View Article: PubMed Central - PubMed

Affiliation: Postgraduate School of Orthodontics, University of Ferrara, Ferrara, Italy. lulombardo@tiscali.it.

ABSTRACT

Background: Although much has been written on the implications of friction generated between orthodontic archwires and labial brackets, information on lingual brackets is still limited. Hence, we set out to investigate the frictional resistance exerted by different lingual and labial brackets, including both conventional and self-ligating designs. The effect of various factors, namely bracket/base width, slot size, inter-bracket distance, and first- (ΘcI) and second-order (ΘcII) critical contact angles were evaluated and compared.

Methods: A plaster model of a pretreatment oral cavity was replicated to provide 18 (9 upper and 9 lower) identical versions. The anterior segments of each were taken, and the canine and lateral and central incisors were mounted with either lingual (7th Generation, STb, New STb, In-Ovation L, ORJ) or labial (Mini-Mono, Mini Diamond, G&H Ceramic) brackets. Mechanical friction tests were performed on each type of bracket using a universal testing machine. The maximum force necessary to displace NiTi wires of two different diameters (0.012, 0.014) was measured, using both elastic and metal ligatures with conventional brackets.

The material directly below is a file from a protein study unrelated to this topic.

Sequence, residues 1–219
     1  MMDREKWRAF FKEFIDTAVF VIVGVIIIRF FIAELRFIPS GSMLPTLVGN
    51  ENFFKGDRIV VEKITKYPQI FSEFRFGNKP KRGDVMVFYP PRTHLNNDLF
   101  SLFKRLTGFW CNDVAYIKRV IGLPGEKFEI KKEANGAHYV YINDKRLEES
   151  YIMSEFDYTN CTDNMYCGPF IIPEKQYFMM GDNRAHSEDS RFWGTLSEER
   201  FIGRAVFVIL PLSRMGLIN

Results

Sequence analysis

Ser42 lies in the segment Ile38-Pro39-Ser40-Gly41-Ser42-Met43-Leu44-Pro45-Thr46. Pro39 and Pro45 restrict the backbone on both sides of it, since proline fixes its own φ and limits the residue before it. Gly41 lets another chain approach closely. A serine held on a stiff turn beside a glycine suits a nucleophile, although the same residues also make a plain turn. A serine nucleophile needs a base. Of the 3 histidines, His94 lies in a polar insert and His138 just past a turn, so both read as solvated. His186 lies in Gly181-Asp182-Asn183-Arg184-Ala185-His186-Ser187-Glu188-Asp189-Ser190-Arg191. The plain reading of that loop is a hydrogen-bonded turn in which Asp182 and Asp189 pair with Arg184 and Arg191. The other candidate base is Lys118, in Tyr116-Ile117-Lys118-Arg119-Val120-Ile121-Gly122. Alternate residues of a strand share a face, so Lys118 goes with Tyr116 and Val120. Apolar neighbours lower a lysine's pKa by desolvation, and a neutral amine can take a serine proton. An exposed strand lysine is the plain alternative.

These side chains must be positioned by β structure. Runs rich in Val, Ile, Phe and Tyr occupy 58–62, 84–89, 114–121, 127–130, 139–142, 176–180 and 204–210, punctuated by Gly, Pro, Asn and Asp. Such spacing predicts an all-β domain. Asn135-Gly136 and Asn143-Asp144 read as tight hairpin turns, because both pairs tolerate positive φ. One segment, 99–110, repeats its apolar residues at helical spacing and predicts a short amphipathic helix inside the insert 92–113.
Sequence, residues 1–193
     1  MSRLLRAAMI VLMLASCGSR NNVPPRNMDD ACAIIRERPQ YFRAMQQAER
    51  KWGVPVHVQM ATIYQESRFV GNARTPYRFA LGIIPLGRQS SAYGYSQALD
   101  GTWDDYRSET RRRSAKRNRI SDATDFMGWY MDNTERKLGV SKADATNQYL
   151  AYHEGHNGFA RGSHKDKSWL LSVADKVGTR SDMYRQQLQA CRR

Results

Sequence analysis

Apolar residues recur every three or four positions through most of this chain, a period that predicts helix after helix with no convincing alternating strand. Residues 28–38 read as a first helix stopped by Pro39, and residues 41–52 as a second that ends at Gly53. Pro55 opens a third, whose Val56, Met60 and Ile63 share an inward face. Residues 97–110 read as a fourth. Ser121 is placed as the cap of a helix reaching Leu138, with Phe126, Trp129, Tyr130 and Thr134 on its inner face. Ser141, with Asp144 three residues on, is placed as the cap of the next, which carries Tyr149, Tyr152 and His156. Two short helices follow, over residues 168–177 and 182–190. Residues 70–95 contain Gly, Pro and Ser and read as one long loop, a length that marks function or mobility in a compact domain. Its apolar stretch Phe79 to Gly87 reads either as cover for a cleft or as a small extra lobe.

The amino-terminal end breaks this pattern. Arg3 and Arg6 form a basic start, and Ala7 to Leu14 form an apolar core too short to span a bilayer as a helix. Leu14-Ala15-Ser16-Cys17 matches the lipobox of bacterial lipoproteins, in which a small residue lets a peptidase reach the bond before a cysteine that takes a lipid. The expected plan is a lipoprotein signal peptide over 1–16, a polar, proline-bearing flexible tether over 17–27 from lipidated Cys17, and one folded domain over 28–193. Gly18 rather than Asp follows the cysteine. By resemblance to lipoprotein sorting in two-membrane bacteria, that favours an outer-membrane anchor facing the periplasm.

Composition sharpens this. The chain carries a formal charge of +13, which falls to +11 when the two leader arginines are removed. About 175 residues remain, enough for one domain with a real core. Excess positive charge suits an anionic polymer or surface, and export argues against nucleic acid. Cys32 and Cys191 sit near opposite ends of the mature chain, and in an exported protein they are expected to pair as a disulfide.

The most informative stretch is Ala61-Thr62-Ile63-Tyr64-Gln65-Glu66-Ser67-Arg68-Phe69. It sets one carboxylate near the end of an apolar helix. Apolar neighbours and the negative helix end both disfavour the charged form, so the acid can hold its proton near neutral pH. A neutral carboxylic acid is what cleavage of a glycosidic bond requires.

Results: The frictional force necessary to displace the wires increased as the diameter of the wire increased in all tested brackets (p<0.01). Friction was significantly higher (p<0.001) with elastic ligatures, as compared with metal ones, in all conventional brackets. In the lower lingual group, significantly lower friction was generated at conventional lingual New STb brackets (p<0.01) and ORJ lingual brackets (p<0.05) than at self-ligating In-Ovation L lingual brackets. A significant statistical correlation between (ΘcI) and friction was detected in the lower labial bracket group.

Conclusions: Friction resistance is influenced not only by the bracket type, type of ligation, and wire diameter but also by geometric differences in the brackets themselves.

Show MeSH